If you have an eye for numbers and the ability to interpret them, you may be the perfect candidate for an accounting analyst job. These professionals analyze data to find ways to increase profits and reduce risk.
This career requires an extensive knowledge of finance, taxation and legal compliance. It also requires a bachelor’s degree in accounting or a related field.
Preparation of Financial Reports
Preparing financial reports is a major part of an accounting analyst’s job. These reports include balance sheets, cash flow statements, journal entries and other financial documents.
The Accounting Analyst is tasked with preparing and reviewing these documents to ensure accuracy. This involves performing statistical analyses of data, making sense of complex financial information and presenting it in a meaningful way to management and other personnel.
As a part of this role, the Accounting Analyst may also be tasked with the responsibility of compiling and submitting required financial reports in support of regulatory filings with the Securities and Exchange Commission (SEC), Federal Energy Regulatory Commission (FERC) and other external agencies. This is achieved by analyzing, reviewing and approving financial information received through the internal corporate reporting process or from other team members in preparation for inclusion in these nonpublic reports.
Financial auditing is the process of examining an organization’s accounting records and statements to see if they are accurate and follow the company’s acceptable accounting standards. This helps ensure that lenders and investors can rely on the information in the company’s statements.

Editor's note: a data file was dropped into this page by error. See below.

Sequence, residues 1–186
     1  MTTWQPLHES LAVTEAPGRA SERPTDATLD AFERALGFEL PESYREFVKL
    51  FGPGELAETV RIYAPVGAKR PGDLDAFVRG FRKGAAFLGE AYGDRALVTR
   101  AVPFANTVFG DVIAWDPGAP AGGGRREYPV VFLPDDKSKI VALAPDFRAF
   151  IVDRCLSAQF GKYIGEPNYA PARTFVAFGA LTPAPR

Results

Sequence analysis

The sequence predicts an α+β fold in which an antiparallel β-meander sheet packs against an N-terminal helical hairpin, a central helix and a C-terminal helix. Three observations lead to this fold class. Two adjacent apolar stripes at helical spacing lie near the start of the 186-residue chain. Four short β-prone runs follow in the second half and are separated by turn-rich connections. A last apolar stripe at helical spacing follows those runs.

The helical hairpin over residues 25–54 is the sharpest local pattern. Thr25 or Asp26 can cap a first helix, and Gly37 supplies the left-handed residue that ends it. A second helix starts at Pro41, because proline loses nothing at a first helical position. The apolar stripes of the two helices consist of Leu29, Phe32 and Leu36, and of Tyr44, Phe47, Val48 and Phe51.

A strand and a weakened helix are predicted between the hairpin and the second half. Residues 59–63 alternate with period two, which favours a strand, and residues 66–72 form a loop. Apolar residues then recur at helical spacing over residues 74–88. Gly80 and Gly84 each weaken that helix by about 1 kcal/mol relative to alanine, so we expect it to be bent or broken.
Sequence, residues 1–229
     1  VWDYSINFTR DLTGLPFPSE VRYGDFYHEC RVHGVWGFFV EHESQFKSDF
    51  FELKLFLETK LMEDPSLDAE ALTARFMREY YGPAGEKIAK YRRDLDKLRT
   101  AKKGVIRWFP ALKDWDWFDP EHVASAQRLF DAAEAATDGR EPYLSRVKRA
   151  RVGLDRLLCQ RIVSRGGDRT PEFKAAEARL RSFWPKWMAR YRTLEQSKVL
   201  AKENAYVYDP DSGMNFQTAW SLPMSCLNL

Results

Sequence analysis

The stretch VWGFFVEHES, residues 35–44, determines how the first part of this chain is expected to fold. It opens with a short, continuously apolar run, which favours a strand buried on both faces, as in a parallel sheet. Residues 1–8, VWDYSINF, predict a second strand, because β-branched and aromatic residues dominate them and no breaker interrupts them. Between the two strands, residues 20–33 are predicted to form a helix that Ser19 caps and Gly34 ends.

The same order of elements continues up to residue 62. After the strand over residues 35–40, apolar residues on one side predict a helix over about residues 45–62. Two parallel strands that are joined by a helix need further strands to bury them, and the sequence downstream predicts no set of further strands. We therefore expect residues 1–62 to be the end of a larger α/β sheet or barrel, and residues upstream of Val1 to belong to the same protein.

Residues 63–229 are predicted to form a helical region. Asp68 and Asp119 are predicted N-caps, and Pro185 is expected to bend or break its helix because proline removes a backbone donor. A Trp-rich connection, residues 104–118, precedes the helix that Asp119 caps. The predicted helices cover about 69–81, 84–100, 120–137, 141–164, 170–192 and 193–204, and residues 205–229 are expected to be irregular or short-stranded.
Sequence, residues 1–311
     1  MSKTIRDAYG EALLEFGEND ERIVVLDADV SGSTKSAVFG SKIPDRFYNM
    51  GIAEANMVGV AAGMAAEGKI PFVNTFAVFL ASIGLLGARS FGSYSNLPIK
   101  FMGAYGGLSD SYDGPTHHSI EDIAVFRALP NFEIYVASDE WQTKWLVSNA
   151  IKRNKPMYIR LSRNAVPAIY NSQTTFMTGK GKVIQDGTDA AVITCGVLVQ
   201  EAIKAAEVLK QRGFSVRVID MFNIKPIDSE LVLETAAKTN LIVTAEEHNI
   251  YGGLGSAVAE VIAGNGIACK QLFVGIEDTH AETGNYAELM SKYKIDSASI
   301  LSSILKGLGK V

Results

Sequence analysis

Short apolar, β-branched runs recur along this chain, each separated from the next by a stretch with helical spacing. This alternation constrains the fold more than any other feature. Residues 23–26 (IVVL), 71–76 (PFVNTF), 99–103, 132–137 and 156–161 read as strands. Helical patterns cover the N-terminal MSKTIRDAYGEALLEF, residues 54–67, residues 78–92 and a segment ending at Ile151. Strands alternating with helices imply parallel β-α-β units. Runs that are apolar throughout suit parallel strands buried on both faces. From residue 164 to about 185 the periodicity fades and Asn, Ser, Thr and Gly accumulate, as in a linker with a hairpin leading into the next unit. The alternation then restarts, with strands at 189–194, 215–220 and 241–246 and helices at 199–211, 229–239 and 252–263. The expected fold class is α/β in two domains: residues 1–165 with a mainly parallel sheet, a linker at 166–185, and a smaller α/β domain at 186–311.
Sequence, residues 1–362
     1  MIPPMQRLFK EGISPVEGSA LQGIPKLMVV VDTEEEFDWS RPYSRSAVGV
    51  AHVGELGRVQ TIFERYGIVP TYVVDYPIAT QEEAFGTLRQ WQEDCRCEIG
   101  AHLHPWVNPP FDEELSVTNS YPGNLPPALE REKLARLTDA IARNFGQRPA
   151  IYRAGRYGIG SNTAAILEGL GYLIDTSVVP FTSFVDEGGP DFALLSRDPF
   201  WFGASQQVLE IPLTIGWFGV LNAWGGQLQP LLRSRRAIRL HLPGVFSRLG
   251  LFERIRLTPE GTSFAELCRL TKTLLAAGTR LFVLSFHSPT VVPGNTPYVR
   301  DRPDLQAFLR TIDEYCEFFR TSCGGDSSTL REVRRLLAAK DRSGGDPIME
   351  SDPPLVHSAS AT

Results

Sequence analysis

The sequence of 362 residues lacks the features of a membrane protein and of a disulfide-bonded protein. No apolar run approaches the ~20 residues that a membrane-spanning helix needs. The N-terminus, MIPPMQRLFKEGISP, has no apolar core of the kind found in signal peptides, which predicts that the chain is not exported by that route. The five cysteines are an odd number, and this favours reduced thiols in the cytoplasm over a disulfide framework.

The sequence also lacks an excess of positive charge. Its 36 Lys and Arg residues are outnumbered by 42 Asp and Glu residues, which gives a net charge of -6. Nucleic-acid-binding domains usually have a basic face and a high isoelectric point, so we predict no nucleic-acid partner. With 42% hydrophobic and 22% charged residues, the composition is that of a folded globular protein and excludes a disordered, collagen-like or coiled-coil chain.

The auditing process includes four phases: planning, setting internal controls, testing, and reporting. Each phase is aimed at increasing the reliability of financial data to give management a clear picture of the business’s current financial status and help them make informed decisions.
Financial auditing is a valuable service for companies and organizations, especially when applying for government grants or seeking loans. It can also help a company win a tender in the public or private sector and give potential buyers a better understanding of the business’s financial state.
Preparation of Financial Statements
The preparation of financial statements is one of the most important responsibilities of an accounting analyst. These documents provide a window into a company’s financial health that can be difficult to gauge using other methods.
The balance sheet is the most basic of these documents and displays the total value of a company’s assets and liabilities at a particular time period. Ideally, the amount of assets should be equal to the total amount of liabilities, showing that a business has sufficient resources to pay its debts.
Similarly, the income statement shows an entity’s profit or loss for a specific period. It also includes operating costs and overheads, which can be used to help track how a change in strategy or policy affects profits.
These statements can be issued to investors, tax authorities, or other significant partners who request them for external reporting purposes. They are normally prepared annually but can be produced quarterly in some cases to ensure consistency and comparability among different companies.
Accounting analysts use their expertise to help companies and their clients make wise financial decisions. They research economic trends, analyze current and historical financial data, and forecast future market performance.
A financial analyst can work for banks, insurance firms, investment firms and pension funds. They evaluate the financial stability of companies, prepare reports and meet with company heads to discuss their findings and make strategic recommendations.
One way that analysts assess the value of a business is through fundamental analysis, which uses ratios and data within a company’s financial statements to determine whether the security is overvalued or undervalued. They also perform top-down and bottom-up financial analysis, using a top-down approach to analyze a company’s overall financial health, then conducting a ratio analysis to identify microeconomic factors such as products and services offered, supply and demand, and other indicators of corporate performance over time.